As of February 2013, more than 25bn songs had been downloaded from the iTunes store, averaging over 15,000 songs per minute.
There is no denying the power and ubiquity of Apple’s digital music service, after all it has transformed the way that everyone on the planet consumes music.
Unfortunately iTunes is a deeply flawed experience. It's impersonal and slow, with lack of support for different file formats, a stubbornly rigid price model and no browser access.
In this ongoing series I’ll be checking out the competition to see if we can find a digital music platform that can finally trump iTunes.
Previously I looked at 7digital, this time I’ll be taking a look at Amazon MP3.
Conversion rates from mobile commerce remain extremely low when compared with desktop and tablet, as people often prefer to use smartphones for research rather than purchases.
However, I’ve recently come across data which shows that smartphone apps are an exception to this rule, and in fact convert at a rate that’s closer to desktop than the mobile web.
Data from mobile commerce platform Poq Studio shows that in November and December 2013 conversion rates from smartphone apps was 1.8% compared to 2.4% on desktop and 0.73% on the mobile web.
This is indicative of the fact that mobile apps are generally used by loyal customers, as the data also shows that 78% of apps users were return visitors, compared to 40% on mobile sites.
Furthermore, former ASOS director James Hart previously stated that the company’s apps saw a “much higher” conversion rate than the mobile web.
Here’s a joyously surprising list brought to me by Andrew Warren Payne.
The headline is entirely factually correct, these websites are not responsive. Whether they should be or not is a matter for debate, and I hope one you will take up in the comments section.
There are pros and cons of going responsive and each organisation should be aware of its own ideal site strategy. I’m sure many of our readers know the UX and hence search boost of going responsive is now growing large enough to prove worthwhile, even in the face of much development time.
See what you think of this list.
Consumer electronics shoppers usually spend a lot of time researching products before they eventually make a decision, which typically involves looking at upwards of 14 sources of information.
This includes searching for advice from consumer publications such as Which, comparison sites and customer reviews.
Organic and paid search is therefore an extremely important tactic for gaining brand exposure during the purchase journey.
There is a mix of competition within this sector as manufacturers, specialist suppliers, ecommerce brands and multichannel retailers attempt to improve market share.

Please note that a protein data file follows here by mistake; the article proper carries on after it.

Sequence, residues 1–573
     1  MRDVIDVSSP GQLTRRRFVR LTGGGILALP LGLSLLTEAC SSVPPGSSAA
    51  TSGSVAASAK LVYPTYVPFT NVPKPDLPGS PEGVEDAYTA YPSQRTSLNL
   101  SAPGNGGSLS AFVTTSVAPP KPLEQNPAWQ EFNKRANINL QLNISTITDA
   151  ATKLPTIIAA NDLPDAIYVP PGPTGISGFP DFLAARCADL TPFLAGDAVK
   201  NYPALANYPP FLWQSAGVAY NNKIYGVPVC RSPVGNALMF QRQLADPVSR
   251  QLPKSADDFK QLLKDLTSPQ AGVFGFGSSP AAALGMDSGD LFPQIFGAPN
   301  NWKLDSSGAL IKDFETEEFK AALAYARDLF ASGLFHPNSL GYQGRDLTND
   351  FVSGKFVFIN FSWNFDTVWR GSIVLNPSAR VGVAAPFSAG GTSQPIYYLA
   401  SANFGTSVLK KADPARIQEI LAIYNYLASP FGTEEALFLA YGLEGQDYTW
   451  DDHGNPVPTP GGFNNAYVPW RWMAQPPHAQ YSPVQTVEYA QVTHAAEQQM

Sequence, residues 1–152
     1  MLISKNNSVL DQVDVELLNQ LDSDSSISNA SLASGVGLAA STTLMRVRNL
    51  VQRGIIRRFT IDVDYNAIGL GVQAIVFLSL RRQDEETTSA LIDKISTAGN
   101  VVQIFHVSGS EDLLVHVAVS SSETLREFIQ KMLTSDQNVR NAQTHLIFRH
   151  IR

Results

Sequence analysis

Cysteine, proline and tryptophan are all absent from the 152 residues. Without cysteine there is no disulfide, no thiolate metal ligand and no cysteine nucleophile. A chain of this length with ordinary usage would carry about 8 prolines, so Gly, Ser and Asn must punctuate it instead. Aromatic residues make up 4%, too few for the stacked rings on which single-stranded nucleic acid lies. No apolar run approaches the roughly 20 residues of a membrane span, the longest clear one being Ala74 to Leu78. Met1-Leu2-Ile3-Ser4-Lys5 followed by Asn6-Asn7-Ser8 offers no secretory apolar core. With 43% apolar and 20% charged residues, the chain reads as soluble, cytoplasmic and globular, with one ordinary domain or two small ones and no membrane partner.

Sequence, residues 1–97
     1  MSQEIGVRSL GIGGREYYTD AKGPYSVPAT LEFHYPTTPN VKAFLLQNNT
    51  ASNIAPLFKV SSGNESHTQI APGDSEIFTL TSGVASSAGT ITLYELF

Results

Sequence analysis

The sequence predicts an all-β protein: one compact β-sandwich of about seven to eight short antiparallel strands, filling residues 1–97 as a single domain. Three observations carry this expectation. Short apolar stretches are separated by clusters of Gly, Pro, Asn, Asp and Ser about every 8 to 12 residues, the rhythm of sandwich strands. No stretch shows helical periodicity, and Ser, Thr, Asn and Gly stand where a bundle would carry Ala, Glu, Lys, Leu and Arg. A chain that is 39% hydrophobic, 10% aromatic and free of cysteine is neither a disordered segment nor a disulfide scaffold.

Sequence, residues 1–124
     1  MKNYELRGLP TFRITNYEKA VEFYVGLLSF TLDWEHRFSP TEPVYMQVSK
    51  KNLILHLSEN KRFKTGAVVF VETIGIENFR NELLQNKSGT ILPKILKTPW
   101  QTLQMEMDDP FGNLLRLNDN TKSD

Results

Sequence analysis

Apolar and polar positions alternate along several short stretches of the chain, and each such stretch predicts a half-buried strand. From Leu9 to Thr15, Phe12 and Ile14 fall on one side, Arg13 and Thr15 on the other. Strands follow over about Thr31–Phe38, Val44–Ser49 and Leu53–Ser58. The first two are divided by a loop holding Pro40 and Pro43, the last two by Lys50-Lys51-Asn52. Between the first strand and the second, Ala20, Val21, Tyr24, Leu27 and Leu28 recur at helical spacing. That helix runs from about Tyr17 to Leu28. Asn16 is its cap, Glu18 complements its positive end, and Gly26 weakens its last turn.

A new report examining which brands achieve the highest visibility for consumer electronics has found that Amazon.co.uk comes top for both organic and paid search, which probably doesn’t come as much of a surprise.
As a relative newcomer to the digital marketing world, I've decided to write a series of 'beginner's guides' to uncover what is meant by certain terms, trends and technological advances in digital; being both a travel guide and a personal investigation.
Here I’ll be answering the following questions: What is scarcity? Why should you use it? Are there good and bad practices? In a tone of voice that has been described as both 'helpful' and 'not too rambling'.
Scarcity in marketing means to use the fear of shortage to sell more.
It’s a fairly simple psychological premise. “We don’t have many Furbies left I’m afraid, you’ll have to buy it now if you don’t want to ruin your child’s Christmas” is the simplest and most extreme example.
However if we think of scarcity in terms of providing transparency about how much stock is left of a particular item, then it’s a very helpful, positive tool.
Scarcity can also increase the perceived value of the item or service you’re providing.
Your products can become that much more precious in the eyes of a customer. The fear that there is only a limited supply will make the customer purchase faster and possibly with less thought.
Which leads to the argument that scarcity can also be manipulative and in some circumstances, exploitative.
Before we get to the more frustrating end of scarcity, let’s take a look at some of the positive uses.
Russia is currently in the spotlight, preparing to host the Winter Olympics, with all the associated negative press for its government.